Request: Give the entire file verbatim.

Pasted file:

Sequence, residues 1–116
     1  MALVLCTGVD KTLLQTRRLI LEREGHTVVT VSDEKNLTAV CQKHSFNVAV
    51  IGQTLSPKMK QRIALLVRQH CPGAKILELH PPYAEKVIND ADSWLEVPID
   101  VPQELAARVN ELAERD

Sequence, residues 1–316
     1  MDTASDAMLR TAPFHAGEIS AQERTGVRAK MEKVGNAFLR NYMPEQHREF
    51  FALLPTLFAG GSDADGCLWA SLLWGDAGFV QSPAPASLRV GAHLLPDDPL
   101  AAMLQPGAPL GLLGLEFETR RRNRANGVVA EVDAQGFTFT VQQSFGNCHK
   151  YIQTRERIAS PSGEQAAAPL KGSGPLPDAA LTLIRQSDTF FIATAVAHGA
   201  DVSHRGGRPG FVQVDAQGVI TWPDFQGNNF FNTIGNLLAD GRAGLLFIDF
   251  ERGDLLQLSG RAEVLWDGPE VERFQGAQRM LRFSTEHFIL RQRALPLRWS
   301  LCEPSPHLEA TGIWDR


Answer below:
Sequence, residues 1–116
     1  MALVLCTGVD KTLLQTRRLI LEREGHTVVT VSDEKNLTAV CQKHSFNVAV
    51  IGQTLSPKMK QRIALLVRQH CPGAKILELH PPYAEKVIND ADSWLEVPID
   101  VPQELAARVN ELAERD

Sequence, residues 1–316
     1  MDTASDAMLR TAPFHAGEIS AQERTGVRAK MEKVGNAFLR NYMPEQHREF
    51  FALLPTLFAG GSDADGCLWA SLLWGDAGFV QSPAPASLRV GAHLLPDDPL
   101  AAMLQPGAPL GLLGLEFETR RRNRANGVVA EVDAQGFTFT VQQSFGNCHK
   151  YIQTRERIAS PSGEQAAAPL KGSGPLPDAA LTLIRQSDTF FIATAVAHGA
   201  DVSHRGGRPG FVQVDAQGVI TWPDFQGNNF FNTIGNLLAD GRAGLLFIDF
   251  ERGDLLQLSG RAEVLWDGPE VERFQGAQRM LRFSTEHFIL RQRALPLRWS
   301  LCEPSPHLEA TGIWDR